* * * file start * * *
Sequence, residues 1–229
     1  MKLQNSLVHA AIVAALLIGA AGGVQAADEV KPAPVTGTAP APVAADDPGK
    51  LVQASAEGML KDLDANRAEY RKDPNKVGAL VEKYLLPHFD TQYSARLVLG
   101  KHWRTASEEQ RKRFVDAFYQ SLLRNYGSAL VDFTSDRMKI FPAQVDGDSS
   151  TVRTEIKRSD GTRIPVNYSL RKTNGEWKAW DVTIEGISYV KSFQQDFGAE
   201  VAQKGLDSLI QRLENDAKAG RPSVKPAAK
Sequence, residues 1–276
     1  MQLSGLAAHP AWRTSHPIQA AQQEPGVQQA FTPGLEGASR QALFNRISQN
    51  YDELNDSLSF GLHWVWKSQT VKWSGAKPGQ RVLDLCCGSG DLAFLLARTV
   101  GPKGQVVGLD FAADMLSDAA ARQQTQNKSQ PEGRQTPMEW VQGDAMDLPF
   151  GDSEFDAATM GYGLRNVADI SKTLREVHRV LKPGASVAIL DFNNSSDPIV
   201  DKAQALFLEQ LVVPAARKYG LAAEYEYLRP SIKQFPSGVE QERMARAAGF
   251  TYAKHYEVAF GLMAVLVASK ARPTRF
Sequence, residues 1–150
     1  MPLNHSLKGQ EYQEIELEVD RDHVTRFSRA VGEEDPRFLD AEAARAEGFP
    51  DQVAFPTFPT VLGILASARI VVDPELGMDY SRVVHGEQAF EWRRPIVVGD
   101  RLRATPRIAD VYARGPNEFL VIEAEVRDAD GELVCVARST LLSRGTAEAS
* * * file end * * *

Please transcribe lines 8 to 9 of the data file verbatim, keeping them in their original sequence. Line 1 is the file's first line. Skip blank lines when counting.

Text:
     1  MQLSGLAAHP AWRTSHPIQA AQQEPGVQQA FTPGLEGASR QALFNRISQN
    51  YDELNDSLSF GLHWVWKSQT VKWSGAKPGQ RVLDLCCGSG DLAFLLARTV